I’m still grinding away at Coneycatchers, which yanks Blades out of Duskvol, shakes off all the ghosts and lightning guns, and drops in into London in 1600. I have a tiny bit more to write and then it is off for a copy edit.
I wrote Glow in the Dark: https://www.drivethrurpg.com/product/223216/Glow-in-the-Dark
My favorite roll is a handful of d6, and my favorite “dice math” is taking the highest value. I like the actual physical mechanics of FitD games. Like the above posts, I enjoy the interplay between position and effect but I also appreciate that the game degrades elegantly. You CAN just roll the dice and assume risky/standard.
The default mechanics have a gradual but inevitable built in shift that doesn’t get a lot of discussion (at least not that I’ve seen). You’ll see crews grow from Fiasco-style clusterfucks full of scraped-by partial successes into Leverage heists where they can resist nearly every consequence. That change from lucky underdogs into competence porn can be jarring, but you can plan for it if you know it’s coming (and that point seems to be about when people are routinely rolling 3-4 dice on resistance rolls).
Glow in the Dark
Adam is modest, but Glow in the Dark was, I’m almost positive, the first FitD release (even predating the “Forged in the Dark” concept)!
Scum & Villainy early access predates it, but Stras literally worked on the core game, so he had a bit of a head start.
I’m working on a cyberpunk FitD game called (tentatively) Neon Black.
It involves megacorporations, alien artificial intelligences, and the 'Net.
In BitD you play a crew who is always out-matched, always looking to get paid, and the game rewards ingenuity and being a scrappy underdog who takes risks, so it feels like a perfect fit for cyberpunk.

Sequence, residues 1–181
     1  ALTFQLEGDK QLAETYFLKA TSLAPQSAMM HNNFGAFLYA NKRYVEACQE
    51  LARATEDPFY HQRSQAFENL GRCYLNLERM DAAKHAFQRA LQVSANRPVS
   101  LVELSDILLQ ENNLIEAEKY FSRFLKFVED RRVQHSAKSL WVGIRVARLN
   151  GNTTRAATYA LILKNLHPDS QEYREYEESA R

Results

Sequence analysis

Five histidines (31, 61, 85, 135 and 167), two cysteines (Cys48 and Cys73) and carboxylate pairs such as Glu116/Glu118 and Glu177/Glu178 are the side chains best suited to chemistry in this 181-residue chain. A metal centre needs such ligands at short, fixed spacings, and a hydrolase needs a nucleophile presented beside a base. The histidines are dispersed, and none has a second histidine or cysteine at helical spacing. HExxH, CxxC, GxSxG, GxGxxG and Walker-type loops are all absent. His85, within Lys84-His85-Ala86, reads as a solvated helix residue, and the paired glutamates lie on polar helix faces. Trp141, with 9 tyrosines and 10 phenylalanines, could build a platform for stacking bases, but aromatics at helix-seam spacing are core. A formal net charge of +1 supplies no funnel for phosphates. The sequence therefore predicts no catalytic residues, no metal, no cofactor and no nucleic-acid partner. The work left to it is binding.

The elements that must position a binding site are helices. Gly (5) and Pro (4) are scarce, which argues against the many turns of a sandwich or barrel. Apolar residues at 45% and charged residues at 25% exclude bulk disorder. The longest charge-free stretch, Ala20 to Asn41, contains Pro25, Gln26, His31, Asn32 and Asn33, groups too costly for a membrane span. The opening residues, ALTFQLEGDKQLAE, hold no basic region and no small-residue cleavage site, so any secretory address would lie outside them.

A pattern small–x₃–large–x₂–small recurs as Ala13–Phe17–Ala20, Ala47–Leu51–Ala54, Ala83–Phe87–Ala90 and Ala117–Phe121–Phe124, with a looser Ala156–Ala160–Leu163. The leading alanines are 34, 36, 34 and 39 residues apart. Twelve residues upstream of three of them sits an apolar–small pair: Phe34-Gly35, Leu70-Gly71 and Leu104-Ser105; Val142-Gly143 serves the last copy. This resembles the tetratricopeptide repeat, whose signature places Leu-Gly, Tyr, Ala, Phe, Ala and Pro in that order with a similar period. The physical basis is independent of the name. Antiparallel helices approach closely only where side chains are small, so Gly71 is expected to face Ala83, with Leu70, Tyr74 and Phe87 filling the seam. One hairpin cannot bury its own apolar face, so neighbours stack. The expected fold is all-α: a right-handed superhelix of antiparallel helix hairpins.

I’m currently working on v 4.0 after just finishing up another round of testing. I was about 75% finished version 3.0 before I realized it was a bit of a dead end and I decided to start again. Very happy with that decision, and I think I’m getting close to having all the new mechanisms and tweaks I want in place. I recently started playing Scum & Villainy, and that helped me realize that you don’t need to reinvent the wheel to create a good FitD game.
I’m stealing liberally from Blades in the Dark and Apocalypse World for our last and our next few releases. I don’t feel they are close enough to either to use “powered by” or “forged by” without misguiding buyers, but they are obviously enormous sources of mechanical ideas.
It’s not something I’m actively working on, but I’ve been kicking around the idea of using FitD to hack my own version of Blades specifically focused on fantasy wizards doing crimes/hijinks. I love the idea of using loadouts as a way of managing spell components (“If you want to summon the Lord Beneath the Waves you’ll need to check off that you brought some sulfurous coral, so I guess you left your iron golem powder at home”) and adjusting the relative power of the spell using risk/effect levels. I feel like there are a lot of tools there to let players run wild with their imaginations (and isn’t that what magic is about?) while still establishing a fiction that makes sense internally.
We’re really off to the races with Forged in the Dark games, I think the official Forged websites has a looong list of hacks both released and in development.
Personally, I’m trying to finish up Echoes in the Dark, a conspiracy-themed urban fantasy hack. I’m also kicking around ideas for a “Robin Hood vs. Vampires”-themed hack.